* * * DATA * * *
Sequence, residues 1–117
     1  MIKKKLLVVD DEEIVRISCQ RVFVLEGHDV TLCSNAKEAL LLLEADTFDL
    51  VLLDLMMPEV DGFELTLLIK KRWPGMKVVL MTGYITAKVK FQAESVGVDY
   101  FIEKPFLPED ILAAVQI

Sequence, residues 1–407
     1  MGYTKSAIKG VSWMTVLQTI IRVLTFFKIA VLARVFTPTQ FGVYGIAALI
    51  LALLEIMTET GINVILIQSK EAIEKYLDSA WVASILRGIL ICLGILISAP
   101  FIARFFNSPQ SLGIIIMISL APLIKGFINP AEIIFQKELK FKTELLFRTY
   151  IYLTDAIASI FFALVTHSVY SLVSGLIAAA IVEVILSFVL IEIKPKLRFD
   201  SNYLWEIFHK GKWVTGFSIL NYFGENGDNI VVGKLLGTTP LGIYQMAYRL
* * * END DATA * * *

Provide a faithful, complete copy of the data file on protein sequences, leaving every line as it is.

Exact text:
Sequence, residues 1–117
     1  MIKKKLLVVD DEEIVRISCQ RVFVLEGHDV TLCSNAKEAL LLLEADTFDL
    51  VLLDLMMPEV DGFELTLLIK KRWPGMKVVL MTGYITAKVK FQAESVGVDY
   101  FIEKPFLPED ILAAVQI

Sequence, residues 1–407
     1  MGYTKSAIKG VSWMTVLQTI IRVLTFFKIA VLARVFTPTQ FGVYGIAALI
    51  LALLEIMTET GINVILIQSK EAIEKYLDSA WVASILRGIL ICLGILISAP
   101  FIARFFNSPQ SLGIIIMISL APLIKGFINP AEIIFQKELK FKTELLFRTY
   151  IYLTDAIASI FFALVTHSVY SLVSGLIAAA IVEVILSFVL IEIKPKLRFD
   201  SNYLWEIFHK GKWVTGFSIL NYFGENGDNI VVGKLLGTTP LGIYQMAYRL